N/DPAs and declination letters can offer several advantages over a criminal trial. Criminal proceedings against organizations can be very costly and time consuming to the state, and there is no guarantee that the prosecution will be able to meet the criminal burden of proof to obtain a conviction. Criminal convictions can also have disastrous financial and reputational consequences on organizations, sometimes based on the wrongdoing of only one or a few individuals. Notably, a criminal conviction can result in a debarment from governmental procurement and public contracts. Such a punishment can arguably constitute the equivalent of “corporate death penalty” for certain organizations whose business mainly derives from government contracts. Most importantly, uninvolved and innocent parties, such as employees, shareholders and communities often suffer indirectly from the conviction of the organization.
Since 2005, the DOJ entered into more than 400 corporate N/DPAs. This significant increase could in part be due to the Enron scandal and to the collapse of the international accounting firm Arthur Anderson following its criminal conviction for obstruction of justice in 2002, which led to 28,000 jobs being lost (a conviction that was later overturned). N/DPAs have been a remarkably effective tool for addressing corporate wrong-doing and securing substantial financial recoveries for the US Government while preserving the vitality of organizations.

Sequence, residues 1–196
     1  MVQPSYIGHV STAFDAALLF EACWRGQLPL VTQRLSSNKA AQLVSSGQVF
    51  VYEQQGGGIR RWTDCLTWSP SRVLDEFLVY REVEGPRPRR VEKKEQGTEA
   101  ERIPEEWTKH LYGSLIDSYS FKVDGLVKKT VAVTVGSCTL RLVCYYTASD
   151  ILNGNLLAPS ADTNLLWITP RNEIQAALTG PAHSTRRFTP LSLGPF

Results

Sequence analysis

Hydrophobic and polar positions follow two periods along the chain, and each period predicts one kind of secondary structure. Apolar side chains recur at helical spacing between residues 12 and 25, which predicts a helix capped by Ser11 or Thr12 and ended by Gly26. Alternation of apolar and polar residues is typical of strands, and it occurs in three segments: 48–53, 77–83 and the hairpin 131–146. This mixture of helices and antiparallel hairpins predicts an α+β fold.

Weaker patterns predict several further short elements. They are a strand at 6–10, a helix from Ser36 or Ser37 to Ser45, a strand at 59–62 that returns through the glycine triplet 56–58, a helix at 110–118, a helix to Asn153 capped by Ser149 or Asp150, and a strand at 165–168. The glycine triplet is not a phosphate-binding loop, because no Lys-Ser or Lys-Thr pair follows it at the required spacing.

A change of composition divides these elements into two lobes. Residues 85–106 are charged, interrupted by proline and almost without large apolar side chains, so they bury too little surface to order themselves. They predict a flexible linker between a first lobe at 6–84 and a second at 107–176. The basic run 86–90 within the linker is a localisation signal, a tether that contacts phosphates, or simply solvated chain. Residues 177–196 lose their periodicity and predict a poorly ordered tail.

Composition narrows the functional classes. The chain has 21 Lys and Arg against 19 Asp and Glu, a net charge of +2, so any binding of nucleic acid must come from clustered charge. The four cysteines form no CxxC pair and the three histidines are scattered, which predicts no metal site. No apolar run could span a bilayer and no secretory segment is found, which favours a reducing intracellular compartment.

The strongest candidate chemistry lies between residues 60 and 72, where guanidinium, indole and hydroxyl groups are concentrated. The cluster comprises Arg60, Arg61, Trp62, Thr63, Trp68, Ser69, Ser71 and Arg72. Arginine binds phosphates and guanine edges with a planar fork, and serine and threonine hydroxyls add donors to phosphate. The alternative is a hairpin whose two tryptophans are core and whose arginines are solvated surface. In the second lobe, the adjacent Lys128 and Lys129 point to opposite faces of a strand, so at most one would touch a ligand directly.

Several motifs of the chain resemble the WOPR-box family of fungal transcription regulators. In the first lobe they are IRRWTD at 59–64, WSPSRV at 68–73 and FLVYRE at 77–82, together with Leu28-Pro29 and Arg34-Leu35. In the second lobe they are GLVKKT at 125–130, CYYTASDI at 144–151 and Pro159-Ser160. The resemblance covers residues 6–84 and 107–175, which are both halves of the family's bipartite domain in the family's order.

Many organizations in the US have favoured self-disclosure and cooperation when faced with a government enforcement action. N/DPAs are an important “carrot’ to the “stick” of prosecution. The cooperation received from the organization will also benefit the prosecution in building its case against the individuals responsible for the misconduct by effectively identifying and prosecuting them.
Prohibition Orders Pursuant to Subsection 34(2) of the Competition Act
Prohibition orders are a unique remedy under the Competition Act (“Act”) and are comparable in many aspects to NPAs and declination letters as they may be issued pursuant to subs. 34(2) of the Act without any requirements that prosecution for a substantive offence take place.